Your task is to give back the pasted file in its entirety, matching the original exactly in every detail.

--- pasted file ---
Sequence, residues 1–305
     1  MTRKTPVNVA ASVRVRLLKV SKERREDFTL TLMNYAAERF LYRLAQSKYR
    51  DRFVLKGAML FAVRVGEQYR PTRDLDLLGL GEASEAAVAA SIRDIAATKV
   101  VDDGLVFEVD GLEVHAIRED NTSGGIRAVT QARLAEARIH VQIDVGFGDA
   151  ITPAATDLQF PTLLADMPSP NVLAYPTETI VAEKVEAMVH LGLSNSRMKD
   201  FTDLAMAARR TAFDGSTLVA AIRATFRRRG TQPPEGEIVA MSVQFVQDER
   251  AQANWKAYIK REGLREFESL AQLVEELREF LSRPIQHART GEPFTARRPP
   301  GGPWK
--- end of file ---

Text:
Sequence, residues 1–305
     1  MTRKTPVNVA ASVRVRLLKV SKERREDFTL TLMNYAAERF LYRLAQSKYR
    51  DRFVLKGAML FAVRVGEQYR PTRDLDLLGL GEASEAAVAA SIRDIAATKV
   101  VDDGLVFEVD GLEVHAIRED NTSGGIRAVT QARLAEARIH VQIDVGFGDA
   151  ITPAATDLQF PTLLADMPSP NVLAYPTETI VAEKVEAMVH LGLSNSRMKD
   201  FTDLAMAARR TAFDGSTLVA AIRATFRRRG TQPPEGEIVA MSVQFVQDER
   251  AQANWKAYIK REGLREFESL AQLVEELREF LSRPIQHART GEPFTARRPP
   301  GGPWK